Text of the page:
She also worked for the awareness of gender-biased sex selection, a cause introduced to her by Sushma Swaraj, for which she wrote columns in newspapers occasionally and expressed interest in women’s rights causes. She revealed about her dream to have more players in India and wishes to coach talented players after retirement. Now, everyone knows that apart from the flag controversy, her marriage to a Pakistani player is one of the major controversies surrounding her personal life. She handled that with grace without letting his husband’s nationality take up any substantial space in conversations. Her husband, Shoaib Malik, is talked about as someone who was very supportive of her career and considers himself as her No. 1 fan. It is evident to sense her frustration when she describes her near misses, in a bid to succeed against all odds created by the controversies. When she was branded as “Pakistan’s daughter-in-law“, she won the U.S cup eventually and dedicated the cup to India.
This book gives an insight into those aspects of Sania that we probably never knew, due to the controversies surrounding her, overshadowing her achievements. Sania has a “love-hate” relationship with the press; either people stood up for her firmly. Or, they scrutinised her to the point where she lost a major part in her career. As per Sania’s writing, the flag controversy conjured up land when the case was resolved, the news was limited to a small column. But this controversy gave the officials of Hopman cup (where Sania played for India) a wrong impression about India due to the circumstances of the controversy. Eventually, India was omitted out and Sania was not invited, the following year. Such instances will make your blood boil and media people should learn a thing or two before branding an influencer, who spend their blood and sweat for India, in such a baleful manner. Sania clarified on the fatwa controversy by defining the meaning of the word “fatwa“, which is misunderstood as “murder” threat by people. She substantiated further, regarding the issues she faced as a woman in a male-dominated world, limitations as a Muslim woman in an orthodox Muslim society and the little compromises every player makes to attain their goals.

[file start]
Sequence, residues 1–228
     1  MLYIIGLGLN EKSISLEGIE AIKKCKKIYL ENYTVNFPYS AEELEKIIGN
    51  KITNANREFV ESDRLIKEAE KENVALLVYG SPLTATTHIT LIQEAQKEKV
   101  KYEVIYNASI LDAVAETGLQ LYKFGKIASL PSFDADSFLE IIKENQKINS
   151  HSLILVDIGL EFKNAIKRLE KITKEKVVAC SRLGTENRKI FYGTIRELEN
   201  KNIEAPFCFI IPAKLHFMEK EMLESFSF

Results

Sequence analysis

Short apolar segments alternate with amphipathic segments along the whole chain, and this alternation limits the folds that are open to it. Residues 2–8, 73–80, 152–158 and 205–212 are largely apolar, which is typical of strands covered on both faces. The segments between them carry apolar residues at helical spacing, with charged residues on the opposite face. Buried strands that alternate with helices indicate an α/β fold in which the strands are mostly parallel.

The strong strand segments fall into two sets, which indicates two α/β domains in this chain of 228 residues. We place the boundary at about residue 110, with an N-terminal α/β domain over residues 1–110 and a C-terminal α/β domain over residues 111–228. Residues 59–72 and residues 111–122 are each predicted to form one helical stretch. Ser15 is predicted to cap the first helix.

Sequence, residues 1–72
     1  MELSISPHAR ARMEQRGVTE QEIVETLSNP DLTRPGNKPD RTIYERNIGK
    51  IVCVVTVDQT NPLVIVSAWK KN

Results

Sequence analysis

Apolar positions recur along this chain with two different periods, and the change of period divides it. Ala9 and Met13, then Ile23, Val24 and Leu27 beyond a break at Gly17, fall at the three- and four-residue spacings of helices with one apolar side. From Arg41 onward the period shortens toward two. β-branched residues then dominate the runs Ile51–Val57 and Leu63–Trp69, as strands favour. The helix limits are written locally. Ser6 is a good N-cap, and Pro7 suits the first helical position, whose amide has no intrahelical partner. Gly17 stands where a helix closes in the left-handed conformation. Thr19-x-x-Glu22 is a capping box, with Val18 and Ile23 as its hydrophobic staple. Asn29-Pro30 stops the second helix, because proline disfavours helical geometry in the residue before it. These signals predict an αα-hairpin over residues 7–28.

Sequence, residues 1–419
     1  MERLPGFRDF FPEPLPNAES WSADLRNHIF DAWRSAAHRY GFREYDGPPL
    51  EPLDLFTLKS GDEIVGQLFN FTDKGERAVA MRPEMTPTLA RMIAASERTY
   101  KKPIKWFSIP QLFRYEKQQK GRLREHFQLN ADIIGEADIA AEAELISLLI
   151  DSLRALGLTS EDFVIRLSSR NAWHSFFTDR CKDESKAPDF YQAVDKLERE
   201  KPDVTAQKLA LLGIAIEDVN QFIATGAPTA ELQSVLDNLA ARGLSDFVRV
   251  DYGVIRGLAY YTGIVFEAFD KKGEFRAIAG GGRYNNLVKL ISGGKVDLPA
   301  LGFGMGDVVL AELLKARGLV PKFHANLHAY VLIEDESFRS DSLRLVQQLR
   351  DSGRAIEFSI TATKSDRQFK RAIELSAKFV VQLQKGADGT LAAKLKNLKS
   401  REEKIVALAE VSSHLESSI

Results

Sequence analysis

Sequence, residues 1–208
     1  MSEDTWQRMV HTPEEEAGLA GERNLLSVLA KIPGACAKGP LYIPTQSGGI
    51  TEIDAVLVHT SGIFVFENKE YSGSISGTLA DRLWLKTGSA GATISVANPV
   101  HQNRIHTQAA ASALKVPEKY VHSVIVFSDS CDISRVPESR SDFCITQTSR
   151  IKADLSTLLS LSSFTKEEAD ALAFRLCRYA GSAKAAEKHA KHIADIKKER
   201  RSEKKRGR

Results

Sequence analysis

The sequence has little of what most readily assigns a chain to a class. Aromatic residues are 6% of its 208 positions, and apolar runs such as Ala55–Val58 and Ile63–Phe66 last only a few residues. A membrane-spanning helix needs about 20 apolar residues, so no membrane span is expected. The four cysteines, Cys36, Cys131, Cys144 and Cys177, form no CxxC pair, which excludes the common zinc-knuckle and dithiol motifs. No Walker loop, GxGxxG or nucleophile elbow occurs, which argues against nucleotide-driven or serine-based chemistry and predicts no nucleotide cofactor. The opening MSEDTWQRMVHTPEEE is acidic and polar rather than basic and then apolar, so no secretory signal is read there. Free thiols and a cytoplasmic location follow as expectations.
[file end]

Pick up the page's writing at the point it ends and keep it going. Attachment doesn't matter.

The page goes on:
The book is written in simple English with massive words scattered here and there which will tempt you to refer the dictionary. A major drawback I felt was, as someone who knows very less about the game, I did find some details about the games confusing. You will understand those facets better if you know the rules and methods of the game. Just like Sachin Tendulkar’s “Playing It My Way”, the book focussed more about her journey in sports. Her achievements are primarily based on her dreams and this is well described in the final pages. We could understand the emotions she went through during each phase of her journey. Some people might find it boring, but, as a player, as a woman, Sania has achieved a lot and her journey is inspiring to witness. I recommend this book if you are a sports fan.
Featured Image Credit: timesofindia.indiatimes.com